One of the offenders (left hand bolt)
He then explained to us both and showed us on the computer screen exactly what was going on with her back, answered my questions, answered her slightly more random questions, soothed her anxiety a few more times, and most importantly gave us both his full attention, respect and time.

For the first time I could properly see and understand how some bolts anchoring the titanium rods that helped her spine fuse in a straightened position eight years ago are pressing against the ‘membrane’ which protects the spinal cord. That’s what’s causing pain, and that’s why they need to be removed.

As I suspected (gggrrrrr!), the results of the SPECT scan (carried out a a different hospital a few days before) weren’t yet in, but my new best friend told us that he’d be surprised if they showed anything that could be behind my daughter’s discomfort.

“So, I'm going to tell you what will happen now,” he said, again addressing my girl, who returned his gaze solemnly. 

He broke his explanation down into short sentences, pausing between each to check if she'd taken things in:

“I think before very long we will be sorting out this operation for you."
"I know you were supposed to have it before and our plans changed, so I'm sorry about that."
"I cannot say yet that you will DEFINITELY have the op, which I know you would like me to."
"But don’t worry - your mum will be able to call us when the scans come in."
"And after we’ve had a special meeting all about you, we can tell you what will happen."
"We’ll do that as soon as we can."
“And you need to know that your spine has fused so well that you will stay lovely and straight if we take the metal out.”

And then the killer finish.

“You don’t need to worry. I know it’s hard, but will you try?”

She gave her biggest, most forceful nod.

It wasn't the black and white decision she needed. But it was a damn fine interim explanation.

We both shook his hand as we left. I was this close to kissing him. 

Song is Frankie Beverly & The Butlers - She Tried To Kiss Me

Monday, 11 January 2016


Example photo of a SPECT scan
Today was just the average kind of Monday. You know, one of those where you catch a train to take your kid down to London to have radioactive dye injected into her. That sort.

Yes, today was the much-anticipated SPECT scan. (I know it sounds like a truncated version of the latest James Bond film - even more so when the section of the hospital it’s taking place in is called ‘nuclear medicine’) but SPECT stands for Single-Photon Emission Computed Tomography. 

It’s a very particular and specialist kind of scan (yeah, I know, you can tell I’m not totally up on the science), and she was having it to try to establish the cause of pain she’s been having in her back. Just before Christmas, doctors were due to operate on my daughter’s spine and remove her titanium rods (inserted during a spinal fusion operation seven years ago), because they believed the metal was pressing on her nerves. But right at the last minute, they changed their minds and decided she should have this scan before any decisions about surgery should take place. This was the genesis of today’s strange adventure.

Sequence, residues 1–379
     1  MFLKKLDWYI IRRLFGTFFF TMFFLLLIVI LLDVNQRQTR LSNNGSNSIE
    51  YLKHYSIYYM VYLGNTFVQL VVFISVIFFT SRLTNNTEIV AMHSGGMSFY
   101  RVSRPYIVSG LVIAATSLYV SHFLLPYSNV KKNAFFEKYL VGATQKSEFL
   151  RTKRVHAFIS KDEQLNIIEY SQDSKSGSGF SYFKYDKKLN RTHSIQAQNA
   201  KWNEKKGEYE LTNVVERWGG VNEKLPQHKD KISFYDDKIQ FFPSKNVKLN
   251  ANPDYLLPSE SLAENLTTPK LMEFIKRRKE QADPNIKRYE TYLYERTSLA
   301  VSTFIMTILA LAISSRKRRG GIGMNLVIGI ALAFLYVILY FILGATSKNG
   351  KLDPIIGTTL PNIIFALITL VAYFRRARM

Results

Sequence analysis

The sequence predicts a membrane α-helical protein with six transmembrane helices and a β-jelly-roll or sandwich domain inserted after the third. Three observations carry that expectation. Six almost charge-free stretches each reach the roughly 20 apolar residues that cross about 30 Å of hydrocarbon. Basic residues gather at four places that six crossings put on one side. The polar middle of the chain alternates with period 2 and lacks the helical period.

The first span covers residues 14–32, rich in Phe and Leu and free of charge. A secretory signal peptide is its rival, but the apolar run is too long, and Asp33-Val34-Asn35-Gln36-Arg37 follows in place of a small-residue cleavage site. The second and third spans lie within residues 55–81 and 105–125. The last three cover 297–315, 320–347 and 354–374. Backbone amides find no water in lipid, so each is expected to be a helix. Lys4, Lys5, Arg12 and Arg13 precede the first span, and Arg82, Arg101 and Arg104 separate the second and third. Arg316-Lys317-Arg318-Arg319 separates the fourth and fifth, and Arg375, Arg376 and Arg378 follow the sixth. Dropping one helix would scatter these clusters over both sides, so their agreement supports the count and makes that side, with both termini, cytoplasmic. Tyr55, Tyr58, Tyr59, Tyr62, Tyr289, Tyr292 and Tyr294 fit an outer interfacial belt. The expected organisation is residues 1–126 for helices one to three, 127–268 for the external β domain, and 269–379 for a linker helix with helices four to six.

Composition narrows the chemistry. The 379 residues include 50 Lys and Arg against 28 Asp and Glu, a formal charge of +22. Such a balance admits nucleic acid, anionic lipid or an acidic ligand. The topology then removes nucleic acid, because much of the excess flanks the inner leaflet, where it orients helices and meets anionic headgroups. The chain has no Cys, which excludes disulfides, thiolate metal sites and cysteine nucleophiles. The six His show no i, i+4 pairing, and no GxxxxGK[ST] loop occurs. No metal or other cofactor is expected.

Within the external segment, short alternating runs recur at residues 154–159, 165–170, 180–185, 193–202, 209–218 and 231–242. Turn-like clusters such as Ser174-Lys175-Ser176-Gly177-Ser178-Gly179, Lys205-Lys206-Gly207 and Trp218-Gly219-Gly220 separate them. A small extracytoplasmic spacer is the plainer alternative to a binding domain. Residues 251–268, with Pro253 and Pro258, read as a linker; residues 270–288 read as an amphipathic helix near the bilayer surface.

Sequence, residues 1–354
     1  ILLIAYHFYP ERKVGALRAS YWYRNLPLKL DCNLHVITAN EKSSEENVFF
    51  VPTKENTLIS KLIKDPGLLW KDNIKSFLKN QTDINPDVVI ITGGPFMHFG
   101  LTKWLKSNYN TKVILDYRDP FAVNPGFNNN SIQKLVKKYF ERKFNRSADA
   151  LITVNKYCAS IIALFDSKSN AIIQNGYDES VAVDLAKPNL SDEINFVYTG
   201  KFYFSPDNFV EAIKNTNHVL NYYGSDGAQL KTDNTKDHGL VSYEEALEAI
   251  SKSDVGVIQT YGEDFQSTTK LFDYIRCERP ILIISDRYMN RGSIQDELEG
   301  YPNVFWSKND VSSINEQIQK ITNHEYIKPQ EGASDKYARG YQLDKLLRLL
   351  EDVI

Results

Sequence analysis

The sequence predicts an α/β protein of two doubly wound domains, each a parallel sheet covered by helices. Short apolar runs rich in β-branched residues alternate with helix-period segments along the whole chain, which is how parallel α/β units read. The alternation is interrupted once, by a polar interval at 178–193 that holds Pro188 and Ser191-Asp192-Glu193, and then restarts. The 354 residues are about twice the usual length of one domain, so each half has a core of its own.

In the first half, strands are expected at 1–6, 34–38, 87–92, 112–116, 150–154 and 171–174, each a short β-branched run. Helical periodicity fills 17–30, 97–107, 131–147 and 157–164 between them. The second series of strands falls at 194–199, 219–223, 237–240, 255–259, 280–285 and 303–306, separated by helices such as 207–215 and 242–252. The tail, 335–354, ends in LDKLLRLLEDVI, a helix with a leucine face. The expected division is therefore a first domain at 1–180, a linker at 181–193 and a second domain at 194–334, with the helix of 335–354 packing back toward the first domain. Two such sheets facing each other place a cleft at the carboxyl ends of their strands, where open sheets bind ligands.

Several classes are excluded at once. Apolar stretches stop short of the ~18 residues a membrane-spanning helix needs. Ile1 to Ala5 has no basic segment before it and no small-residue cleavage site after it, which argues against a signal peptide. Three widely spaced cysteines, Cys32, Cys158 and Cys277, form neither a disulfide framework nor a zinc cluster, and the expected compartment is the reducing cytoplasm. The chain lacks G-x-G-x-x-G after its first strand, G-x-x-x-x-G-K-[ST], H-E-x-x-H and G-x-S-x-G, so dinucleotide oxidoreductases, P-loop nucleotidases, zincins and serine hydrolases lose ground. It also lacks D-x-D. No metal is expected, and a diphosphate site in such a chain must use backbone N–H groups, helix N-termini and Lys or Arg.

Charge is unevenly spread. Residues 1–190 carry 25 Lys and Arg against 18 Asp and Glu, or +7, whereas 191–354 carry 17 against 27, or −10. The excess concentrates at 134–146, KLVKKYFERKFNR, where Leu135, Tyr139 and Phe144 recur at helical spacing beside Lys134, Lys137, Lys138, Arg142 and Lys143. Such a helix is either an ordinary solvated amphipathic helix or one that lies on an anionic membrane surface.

At midday, we reported to University College Hospital, London, for her to have the dye injected. The syringe came in a futuristic-looking pod, presumably designed not to break and spill dangerous Hulk-creating gamma rays if dropped. I expected it to be green, or at least to glow, but the dye was disappointingly indistinguishable from the water they injected with it to flush it into her bloodstream.

My daughter, of course, was blasĂ© about the needle. What was causing the persistent, overriding worry today (and there is usually a persistent, overriding worry), was the instruction to report back to the hospital three hours later for the actual scan, having drunk ‘around two pints’ of fluids in the meantime. 

I bunged her a couple of tomato juices and a cup of tea along with her less than 500 calories ‘leggero’ pizza lunch at Pizza Express, then insisted she take a sip of a drink every time she played a card in our after-dinner game of Top Trumps at a cafĂ© near the hospital. All the while she was fretting: concerned she’d not drunk enough, and then anxious about having drunk too much. It didn’t help that she had no clue whatsoever about how big a pint was, despite my repeated attempts to impart my expert knowledge about the quantity of this particular measurement of liquid. At least she was allowed to go to the loo, because if bladder control had been added to the equation, we both might have had some sort of breakdown.

So it was that we returned to the hospital, lightly frazzled, and ready for the fray.

The chap who dealt with her was lovely. He talked her through what was going to happen, and helped get her comfortable, lying her down on a flat stretcher-like bed in front of what I can only inadequately describe as a ‘giant photocopier in the shape of a sideways claw thing’.

And here was where she came into her own. She had her feet tied together, a strap put across her stomach to hold her arms against her side, and she had to lie still for 17 minutes, whilst the camera slowly scanned her up and down, just millimetres from her face. Then after a quick readjustment of her position and the machine’s ‘camera claw’, she had to do the same again.

My girl, my little bundle of anxieties, completed the task perfectly. She didn’t move a muscle for each 17-minute pass. I praised her all the way home on the train. This was in amongst a word for word, worry for worry repeat of the drink shenanigans (she'd been told to imbibe another two pints after the scan, which meant that there were at least 20 people in our train carriage treated to a practical demonstration of just how many times a teenager with Prader-Willi Syndrome can repeat themselves in a 50-minute journey). 

On Friday we see her consultant at the Royal Orthopaedic Hospital in Stanmore. Whether he’ll actually have seen the scan from UCLH before then is another matter. I’m going be persistently pestering his secretary on the phone between now and then to try to convince them that this is a sensible idea. Wish me luck.

Had to pick a Bowie track today, after the sad news of his passing. I’ve gone for New Killer Star. (‘Nuclear’, you see).